This was a special week on Storyboard, because we shone a spotlight on some journalists who often don’t get the recognition they deserve. Latina journalists, a minority within a minority in the field, are doing some standout work, among them Michelle Garcia and Carolina Miranda. And Gene Roberts is an inspiration to those who worked with him at The Philadelphia Inquirer, but he isn’t famous like his counterpart in the era Ben Bradlee. Why? “He let the editor of the editorial page be the one to attend functions with city leaders and luminaries. Roberts stayed in the newsroom and plotted ways to make the paper better. He just preferred talking to reporters, photographers and editors to hobnobbing.”
How Michelle Garcia told the story of Juárez, a city lost to violence, through its dogs. It’s gratifying to point out a gifted Latina journalist — in a post written by another gifted Latina journalist. (If you don’t already follow Carolina Miranda’s culture coverage for the Los Angeles Times, I highly recommend it. She’s @cmonstah on Twitter, as a starting point.) In this piece, Carolina writes about a story by Michelle Garcia that has haunted her since she read it four years ago. The body count in Ciudád Juárez had gotten so mind-boggling during the height of the drug war, it became easy to tune the violence out; so Garcia told its story through the dogs who paid the price when a city went feral. I’m haunted by it too.
The soundtrack: “Dogs of War,” by AC/DC. Not my usual listening vibe, although sometimes a little AC/DC hits the spot, doesn’t it? And the lyrics here, about mercenary men and a culture of violence, fit the story: “I’ll firefight in the night/Run away or die of fright.”
One Great Sentence
“She was beautiful but when she tasted the water from the glass on her lectern she smiled sadly as if it were bitter for, in spite of her civil zeal, she had a taste for the melancholy – for the smell of orange rinds and wood smoke – that was extraordinary.”
John Cheever, “The Wapshot Chronicle,” 1957. Read why we think it’s great.
Legendary editor Gene Roberts reflects on a lifetime in journalism. This post means a lot to me, because I’ve always said that if I had a journalism time machine, I’d take it to Gene Roberts’ newsroom at The Philadelphia Inquirer of the 1970s and ’80s. Friends have told me how wonderful it was, how he gave his writers and editors freedom to tell a story that no one else was telling, or to tell a familiar story in a way no one else had. It seems like my spiritual home. Now a couple of filmmakers are making a documentary to shine a spotlight on this legendary editor who never sought the spotlight. I’ll definitely line up for that one. Here, contributor Julie Schwietert Collazo interviews Roberts; it’s a must-read.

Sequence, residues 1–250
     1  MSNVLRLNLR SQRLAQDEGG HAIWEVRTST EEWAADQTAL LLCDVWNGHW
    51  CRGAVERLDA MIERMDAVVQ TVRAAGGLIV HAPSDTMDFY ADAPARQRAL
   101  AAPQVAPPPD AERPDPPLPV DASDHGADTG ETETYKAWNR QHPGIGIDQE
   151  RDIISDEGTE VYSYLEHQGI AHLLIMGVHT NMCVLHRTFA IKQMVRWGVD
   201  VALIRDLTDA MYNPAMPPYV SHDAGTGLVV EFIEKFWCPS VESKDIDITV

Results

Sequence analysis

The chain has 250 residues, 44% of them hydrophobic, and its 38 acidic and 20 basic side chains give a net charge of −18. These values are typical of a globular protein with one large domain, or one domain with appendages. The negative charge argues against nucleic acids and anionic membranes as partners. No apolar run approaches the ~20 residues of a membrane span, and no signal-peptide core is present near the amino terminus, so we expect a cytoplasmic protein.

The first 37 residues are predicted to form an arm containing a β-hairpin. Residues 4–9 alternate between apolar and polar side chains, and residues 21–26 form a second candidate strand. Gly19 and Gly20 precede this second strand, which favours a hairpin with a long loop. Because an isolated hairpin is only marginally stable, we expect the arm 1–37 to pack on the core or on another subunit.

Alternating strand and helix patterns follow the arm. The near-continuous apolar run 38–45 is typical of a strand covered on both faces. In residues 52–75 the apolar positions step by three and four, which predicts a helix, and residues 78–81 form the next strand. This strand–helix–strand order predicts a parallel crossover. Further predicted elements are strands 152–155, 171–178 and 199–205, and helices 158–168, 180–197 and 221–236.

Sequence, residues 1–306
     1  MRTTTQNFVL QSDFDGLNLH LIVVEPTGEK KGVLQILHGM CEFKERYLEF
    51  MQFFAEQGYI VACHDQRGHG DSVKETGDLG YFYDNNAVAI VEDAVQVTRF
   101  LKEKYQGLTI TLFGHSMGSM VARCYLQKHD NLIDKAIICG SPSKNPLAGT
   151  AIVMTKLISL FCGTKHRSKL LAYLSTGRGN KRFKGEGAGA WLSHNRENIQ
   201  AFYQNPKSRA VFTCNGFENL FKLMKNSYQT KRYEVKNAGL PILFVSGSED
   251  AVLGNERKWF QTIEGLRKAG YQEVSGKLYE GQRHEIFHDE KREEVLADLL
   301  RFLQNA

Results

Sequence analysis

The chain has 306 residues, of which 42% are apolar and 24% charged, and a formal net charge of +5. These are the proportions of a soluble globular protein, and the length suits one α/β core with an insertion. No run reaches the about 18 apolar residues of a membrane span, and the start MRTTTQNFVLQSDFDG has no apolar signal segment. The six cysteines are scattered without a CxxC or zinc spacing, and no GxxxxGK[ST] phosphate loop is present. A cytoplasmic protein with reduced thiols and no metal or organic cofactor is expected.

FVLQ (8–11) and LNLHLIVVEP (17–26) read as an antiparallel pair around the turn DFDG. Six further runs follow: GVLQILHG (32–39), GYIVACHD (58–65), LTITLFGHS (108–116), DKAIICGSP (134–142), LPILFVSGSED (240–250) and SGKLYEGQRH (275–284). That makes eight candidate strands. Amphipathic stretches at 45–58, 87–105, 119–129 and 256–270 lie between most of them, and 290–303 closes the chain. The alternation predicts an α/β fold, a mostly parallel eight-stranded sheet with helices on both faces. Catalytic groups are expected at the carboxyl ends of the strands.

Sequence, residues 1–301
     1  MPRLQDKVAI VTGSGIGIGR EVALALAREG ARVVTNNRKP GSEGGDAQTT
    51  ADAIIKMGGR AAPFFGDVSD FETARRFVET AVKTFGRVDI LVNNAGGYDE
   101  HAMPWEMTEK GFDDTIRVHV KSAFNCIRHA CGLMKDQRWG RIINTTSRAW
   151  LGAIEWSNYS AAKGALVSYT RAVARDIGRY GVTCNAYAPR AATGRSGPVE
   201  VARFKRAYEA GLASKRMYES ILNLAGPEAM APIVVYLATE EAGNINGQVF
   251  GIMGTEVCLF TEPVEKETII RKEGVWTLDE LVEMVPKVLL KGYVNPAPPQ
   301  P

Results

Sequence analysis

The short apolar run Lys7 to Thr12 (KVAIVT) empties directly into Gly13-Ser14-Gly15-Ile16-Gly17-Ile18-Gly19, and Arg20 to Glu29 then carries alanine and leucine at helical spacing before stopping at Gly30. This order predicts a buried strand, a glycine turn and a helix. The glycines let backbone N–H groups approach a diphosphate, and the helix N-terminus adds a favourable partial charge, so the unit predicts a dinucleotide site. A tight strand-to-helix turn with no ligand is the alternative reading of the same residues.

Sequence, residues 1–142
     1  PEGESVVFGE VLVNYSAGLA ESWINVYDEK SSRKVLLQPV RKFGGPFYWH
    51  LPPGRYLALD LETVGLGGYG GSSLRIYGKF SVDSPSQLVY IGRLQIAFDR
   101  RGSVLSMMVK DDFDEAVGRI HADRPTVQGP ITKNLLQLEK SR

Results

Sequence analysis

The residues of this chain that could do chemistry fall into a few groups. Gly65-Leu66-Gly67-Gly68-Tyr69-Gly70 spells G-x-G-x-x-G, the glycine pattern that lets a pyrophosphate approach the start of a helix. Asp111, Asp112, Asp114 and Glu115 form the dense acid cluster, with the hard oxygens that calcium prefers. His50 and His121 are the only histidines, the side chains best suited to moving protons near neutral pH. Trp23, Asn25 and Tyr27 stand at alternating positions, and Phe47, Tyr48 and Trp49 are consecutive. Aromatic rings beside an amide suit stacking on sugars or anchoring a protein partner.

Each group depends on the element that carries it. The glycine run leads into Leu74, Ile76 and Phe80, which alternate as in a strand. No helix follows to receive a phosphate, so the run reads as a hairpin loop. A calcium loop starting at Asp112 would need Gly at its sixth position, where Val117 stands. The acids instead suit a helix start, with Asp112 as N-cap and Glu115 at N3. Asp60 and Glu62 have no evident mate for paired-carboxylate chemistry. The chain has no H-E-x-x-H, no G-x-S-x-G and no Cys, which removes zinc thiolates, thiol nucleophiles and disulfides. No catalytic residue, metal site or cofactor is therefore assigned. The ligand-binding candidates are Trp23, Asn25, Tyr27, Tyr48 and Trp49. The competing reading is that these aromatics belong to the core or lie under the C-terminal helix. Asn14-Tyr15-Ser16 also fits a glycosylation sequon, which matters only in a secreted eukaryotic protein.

The soundtrack: “Heroes,” by David Bowie. One of my favorite Bowie songs. It’s shot through with love and defiance and the recognition that nothing lasts forever. It’s that bittersweet feeling that fits this story about a wonderful moment in journalism. It didn’t last, but while it did, Roberts was king and the newsroom was his queen — his partner, not his subject.
What I’m reading online: I’m two chapters into “My Aryan Princess” by the Dallas Morning News’ Scott Farwell, the latest entrant into the new golden age of serials. It tells the story of a woman who informs on the scary Aryan Brotherhood of Texas gang. The lede is striking, and effective, because it telegraphs that the informant is not your traditional “hero”: “Crystal meth glowed orange, an ember in an ink-black night.” (The Columbia Journalism Review did a good piece on why the Morning News decided to run all seven parts at once online, “Netflix-style.”)
On the shorter side, I enjoyed “(It’s Great to) Suck at Something,” an essay by Karen Rinaldi in The New York Times. She talks about her obsession with surfing, which she acknowledges she’s terrible at, even after 15 years. Why endure? She writes, “Some might think your persistence moronic. I like to think of it as meditative and full of promise. In the words of the Zen teacher Shunryu Suzuki, ‘In the beginner’s mind there are many possibilities; in the expert’s mind, there are few.’ When I surf, I live in the possibility. Or, as the great father of surfing, Duke Kahanamoku, wisely advised: ‘Be patient. Wave come. Wave always come.'”
What’s on my bedside table: Someone on Twitter recently pointed out an older piece on the literary site The Millions with these words: “In my experience, there are two types of Marilynne Robinson readers: ‘Housekeeping’ people and ‘Gilead’ people.” And I realized that I’m a “Housekeeping” person. But I wanted to break free from that, so I once again picked up my copy of “Gilead,” where the bookmark rested on page 27, from an abortive attempt years ago. And on the bottom of the page, if only I had gotten that far, was a beautiful description of a man grabbing a wet branch and showering him and his girlfriend with water, a joyful moment. I’ll keep reading now, and maybe I’ll end up being just a Marilynne Robinson person.
What’s on my turntable: Although I spend most of my time listening to music on Spotify, sometimes I want to hear the needle touching down on vinyl. This week’s vinyl: “The Name of This Band Is Talking Heads,” by Talking Heads. The death of the great director Jonathan Demme put me in a Talking Heads mood. I couldn’t find my copy of “Stop Making Sense,” the soundtrack to the concert film he directed, so I settled on another live album. Side 4 is my favorite: “The Great Curve,” “Crosseyed and Painless” and “Take Me to the River.”
If you want to chat about storytelling (or music), you can reach me at email@example.com. Or you can find me at @karihow on Twitter.